According to the US Department of Labor, The United States has seen increases in college-educated women, most notably during the first part of the 20th century, in the 1970s, and now. According to the Pew Research Center there are more women enrolling in college than men, particularly Hispanic and black women. With the increase in college degrees, there are now more women seeking careers that were once solely headed by men. In 1980, for example, 12.4 per cent of attorneys in the United States were female. Today, women make up 36 per cent of the professionals. Despite the promise this appears to provide, these statistics will shrink if issues like unpaid care work are not addressed.

For decades, the United Nations, and in recent years UN Women, pushed for reforms for unpaid care work. The 1995 Beijing Declaration and Platform for Action referred to the unequal distribution of unpaid care work between men and women as a barrier to gender equality. It called on states to establish and increase data collection of unpaid care work and design policies that recognize its importance to provide equal rights to those of perform this type of work.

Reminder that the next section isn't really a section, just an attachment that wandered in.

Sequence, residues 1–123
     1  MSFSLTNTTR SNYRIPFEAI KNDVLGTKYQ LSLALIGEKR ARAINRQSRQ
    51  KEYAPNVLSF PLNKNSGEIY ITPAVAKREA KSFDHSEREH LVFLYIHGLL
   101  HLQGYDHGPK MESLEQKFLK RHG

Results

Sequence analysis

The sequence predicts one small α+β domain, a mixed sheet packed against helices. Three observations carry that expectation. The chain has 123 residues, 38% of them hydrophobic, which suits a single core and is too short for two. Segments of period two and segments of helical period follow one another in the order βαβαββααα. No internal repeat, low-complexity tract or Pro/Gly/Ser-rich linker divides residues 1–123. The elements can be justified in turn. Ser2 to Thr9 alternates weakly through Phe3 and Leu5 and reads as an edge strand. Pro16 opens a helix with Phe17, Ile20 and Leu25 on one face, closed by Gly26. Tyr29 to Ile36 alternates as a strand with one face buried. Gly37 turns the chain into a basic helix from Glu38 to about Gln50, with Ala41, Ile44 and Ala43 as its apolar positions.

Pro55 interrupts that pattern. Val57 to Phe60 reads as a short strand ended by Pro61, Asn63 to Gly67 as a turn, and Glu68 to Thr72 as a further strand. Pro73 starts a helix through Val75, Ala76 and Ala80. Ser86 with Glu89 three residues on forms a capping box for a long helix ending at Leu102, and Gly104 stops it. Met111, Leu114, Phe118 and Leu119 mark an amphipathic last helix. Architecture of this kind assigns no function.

In 2013, the United Nations Special Rapporteur on extreme poverty and human rights stated that the unequal burden of unpaid care work on women, especially women in poverty, was a barrier to women’s full enjoyment of their human rights and this institutionalized inequality needed to be addressed by countries across the globe.

Studies show that reducing a women’s share of unpaid care could increase agricultural labour productivity by 15 per cent and capital productivity by as much as 44 per cent in certain countries. Furthermore, the International Monetary Fund states that if women were able to fully realize their market potential there would be significant macroeconomic gains.

Recommendations on the Implementation of the Convention on the Elimination of All Forms of Discrimination Against Women